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In the Eye of the Beholder: Perceptions of Compensation Mediate the Effects of Attachment Style and Transgression Severity on Relationship Satisfaction

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title
In the Eye of the Beholder: Perceptions of Compensation Mediate the Effects of Attachment Style and Transgression Severity on Relationship Satisfaction
author
Leary, Kevin
abstract
A considerable amount of research has been undertaken in the investigation of processes that determine people’s satisfaction with their interpersonal and romantic relationships. The current research was conducted in order to examine the role of a romantic partner’s compensatory behaviors in influencing relationship satisfaction as well as examine the role of attachment style in moderating these effects. Compensatory behaviors were conceptualized as acts that are intended to make-up for transgressions or negative events that occur between relationship partners. The primary hypothesis investigated in this study contended that attachment style would predict ratings of transgression severity which would, in turn, determine the perceptions of how well a compensatory behavior made up for that transgression. The perception of compensation adequacy, then, would ultimately mediate the effects of a transgression on relationship satisfaction. A series of hierarchical multiple regression were conducted in order to investigate the relationships among the attachment styles and ratings of transgression severity, perceptions of compensation, and satisfaction.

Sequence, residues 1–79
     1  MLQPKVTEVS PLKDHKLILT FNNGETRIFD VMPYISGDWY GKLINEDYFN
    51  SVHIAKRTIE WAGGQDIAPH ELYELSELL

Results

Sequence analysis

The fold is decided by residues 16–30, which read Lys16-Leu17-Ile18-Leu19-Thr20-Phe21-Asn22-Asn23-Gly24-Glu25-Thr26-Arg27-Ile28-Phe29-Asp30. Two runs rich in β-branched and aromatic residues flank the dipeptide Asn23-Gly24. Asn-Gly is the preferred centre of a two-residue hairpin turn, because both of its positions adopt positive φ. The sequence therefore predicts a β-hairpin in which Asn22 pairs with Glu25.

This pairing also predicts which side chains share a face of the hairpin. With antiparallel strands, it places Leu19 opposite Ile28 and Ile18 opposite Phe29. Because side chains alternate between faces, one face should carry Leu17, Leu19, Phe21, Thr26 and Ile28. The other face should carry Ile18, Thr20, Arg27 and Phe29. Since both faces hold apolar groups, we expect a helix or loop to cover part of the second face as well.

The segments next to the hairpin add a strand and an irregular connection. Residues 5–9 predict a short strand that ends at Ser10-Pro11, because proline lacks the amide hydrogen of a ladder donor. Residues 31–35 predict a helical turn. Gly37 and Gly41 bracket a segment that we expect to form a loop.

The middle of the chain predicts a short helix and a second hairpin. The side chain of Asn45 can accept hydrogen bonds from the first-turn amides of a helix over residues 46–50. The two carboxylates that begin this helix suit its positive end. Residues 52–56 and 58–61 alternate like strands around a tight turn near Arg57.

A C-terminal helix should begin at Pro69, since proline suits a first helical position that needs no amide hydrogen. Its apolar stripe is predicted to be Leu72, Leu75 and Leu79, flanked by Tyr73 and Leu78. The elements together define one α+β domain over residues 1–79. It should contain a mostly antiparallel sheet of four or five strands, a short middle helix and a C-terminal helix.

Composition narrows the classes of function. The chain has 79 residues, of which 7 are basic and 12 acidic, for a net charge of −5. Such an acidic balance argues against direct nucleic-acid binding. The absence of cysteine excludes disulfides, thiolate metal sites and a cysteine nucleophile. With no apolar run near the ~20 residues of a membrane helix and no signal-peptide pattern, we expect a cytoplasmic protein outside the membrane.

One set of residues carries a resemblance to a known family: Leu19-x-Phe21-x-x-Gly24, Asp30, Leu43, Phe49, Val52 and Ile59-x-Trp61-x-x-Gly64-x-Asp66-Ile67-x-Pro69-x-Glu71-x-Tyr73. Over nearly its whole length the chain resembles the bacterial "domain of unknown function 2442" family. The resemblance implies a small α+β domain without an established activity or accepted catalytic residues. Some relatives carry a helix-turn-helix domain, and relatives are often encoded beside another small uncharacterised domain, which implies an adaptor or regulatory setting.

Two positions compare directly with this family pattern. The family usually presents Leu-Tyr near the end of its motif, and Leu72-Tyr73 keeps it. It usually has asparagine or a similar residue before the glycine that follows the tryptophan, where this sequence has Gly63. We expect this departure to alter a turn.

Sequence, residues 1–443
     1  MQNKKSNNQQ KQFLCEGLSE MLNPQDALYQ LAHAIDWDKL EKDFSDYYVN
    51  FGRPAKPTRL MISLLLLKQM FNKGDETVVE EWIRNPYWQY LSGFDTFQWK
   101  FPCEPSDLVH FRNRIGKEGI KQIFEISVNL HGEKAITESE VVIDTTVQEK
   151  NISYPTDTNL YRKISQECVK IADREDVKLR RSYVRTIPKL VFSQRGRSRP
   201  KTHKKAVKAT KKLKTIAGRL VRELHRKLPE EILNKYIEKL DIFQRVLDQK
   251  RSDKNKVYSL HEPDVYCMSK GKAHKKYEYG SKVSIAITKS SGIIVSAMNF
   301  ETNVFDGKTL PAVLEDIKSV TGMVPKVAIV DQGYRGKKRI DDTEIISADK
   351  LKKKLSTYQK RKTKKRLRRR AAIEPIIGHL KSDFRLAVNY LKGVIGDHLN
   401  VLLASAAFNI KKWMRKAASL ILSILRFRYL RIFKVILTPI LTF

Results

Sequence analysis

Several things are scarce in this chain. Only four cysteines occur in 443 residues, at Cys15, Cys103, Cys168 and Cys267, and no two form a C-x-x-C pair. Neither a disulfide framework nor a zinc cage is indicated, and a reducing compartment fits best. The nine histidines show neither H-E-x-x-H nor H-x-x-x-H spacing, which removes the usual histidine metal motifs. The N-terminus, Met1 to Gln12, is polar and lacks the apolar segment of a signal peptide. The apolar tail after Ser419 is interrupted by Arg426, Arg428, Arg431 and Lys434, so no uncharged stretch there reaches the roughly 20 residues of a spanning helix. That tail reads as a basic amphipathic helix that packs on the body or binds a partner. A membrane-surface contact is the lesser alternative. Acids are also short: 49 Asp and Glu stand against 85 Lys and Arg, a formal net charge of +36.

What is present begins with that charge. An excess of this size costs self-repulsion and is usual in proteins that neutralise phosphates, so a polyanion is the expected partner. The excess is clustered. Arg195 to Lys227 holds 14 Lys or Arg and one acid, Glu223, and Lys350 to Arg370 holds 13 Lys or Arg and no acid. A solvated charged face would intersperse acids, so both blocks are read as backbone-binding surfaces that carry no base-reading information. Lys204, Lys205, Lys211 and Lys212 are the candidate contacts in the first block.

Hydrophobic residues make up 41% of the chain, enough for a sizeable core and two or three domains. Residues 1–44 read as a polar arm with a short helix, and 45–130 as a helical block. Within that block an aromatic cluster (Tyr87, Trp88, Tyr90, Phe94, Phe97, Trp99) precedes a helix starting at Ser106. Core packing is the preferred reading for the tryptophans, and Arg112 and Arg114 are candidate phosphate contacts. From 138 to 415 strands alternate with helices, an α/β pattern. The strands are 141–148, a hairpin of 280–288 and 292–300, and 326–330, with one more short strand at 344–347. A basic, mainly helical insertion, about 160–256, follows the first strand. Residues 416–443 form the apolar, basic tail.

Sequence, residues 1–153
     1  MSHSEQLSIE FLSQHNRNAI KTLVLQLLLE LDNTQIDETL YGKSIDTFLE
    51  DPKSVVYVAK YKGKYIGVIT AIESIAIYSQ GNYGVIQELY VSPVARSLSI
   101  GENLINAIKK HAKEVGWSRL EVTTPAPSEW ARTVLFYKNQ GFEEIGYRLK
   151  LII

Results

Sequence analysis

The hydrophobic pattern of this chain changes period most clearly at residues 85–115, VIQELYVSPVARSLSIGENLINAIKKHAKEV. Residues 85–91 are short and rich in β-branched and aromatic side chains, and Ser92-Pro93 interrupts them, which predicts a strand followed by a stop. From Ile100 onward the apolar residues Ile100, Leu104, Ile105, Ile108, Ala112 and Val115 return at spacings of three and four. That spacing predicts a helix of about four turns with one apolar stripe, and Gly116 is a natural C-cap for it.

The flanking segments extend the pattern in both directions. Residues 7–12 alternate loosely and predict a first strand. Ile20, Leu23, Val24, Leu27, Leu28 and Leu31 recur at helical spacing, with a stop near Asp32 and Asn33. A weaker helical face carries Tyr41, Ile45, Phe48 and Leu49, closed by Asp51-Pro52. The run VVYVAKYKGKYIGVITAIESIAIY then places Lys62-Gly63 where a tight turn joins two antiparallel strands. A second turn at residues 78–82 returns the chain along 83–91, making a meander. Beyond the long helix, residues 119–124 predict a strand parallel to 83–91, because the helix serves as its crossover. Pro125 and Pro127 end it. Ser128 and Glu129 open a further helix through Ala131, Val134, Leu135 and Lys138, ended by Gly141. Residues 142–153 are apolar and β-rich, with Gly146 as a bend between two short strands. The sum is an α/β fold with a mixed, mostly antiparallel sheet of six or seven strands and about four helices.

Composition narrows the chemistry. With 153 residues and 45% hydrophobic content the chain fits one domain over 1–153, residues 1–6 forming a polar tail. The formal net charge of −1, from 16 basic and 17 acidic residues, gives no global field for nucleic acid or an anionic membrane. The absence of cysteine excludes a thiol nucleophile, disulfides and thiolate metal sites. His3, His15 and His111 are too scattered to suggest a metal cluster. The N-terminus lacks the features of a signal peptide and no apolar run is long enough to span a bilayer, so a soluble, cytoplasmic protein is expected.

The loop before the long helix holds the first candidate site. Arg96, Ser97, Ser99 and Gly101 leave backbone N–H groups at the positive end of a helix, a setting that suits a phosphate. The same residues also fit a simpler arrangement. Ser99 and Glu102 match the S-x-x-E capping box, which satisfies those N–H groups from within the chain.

subject
attachment
satisfaction
transgression
compensation
forgiveness
romantic relationships
contributor
Fleeson, Will (committee chair)
Seta, Catherine (committee member)
Kiang, Lisa (committee member)
Newsome, Deborah (committee member)
date
2009-05-08T17:54:36Z (accessioned)
2010-06-18T18:58:19Z (accessioned)
2009-05-08T17:54:36Z (available)
2010-06-18T18:58:19Z (available)
2009-05-08T17:54:36Z (issued)
degree
Psychology (discipline)
identifier
http://hdl.handle.net/10339/14752 (uri)
language
en_US (iso)
publisher
Wake Forest University
rights
Release the entire work for access only to the Wake Forest University system for one year from the date below. After one year, release the entire work for access worldwide. (accessRights)
type
Thesis

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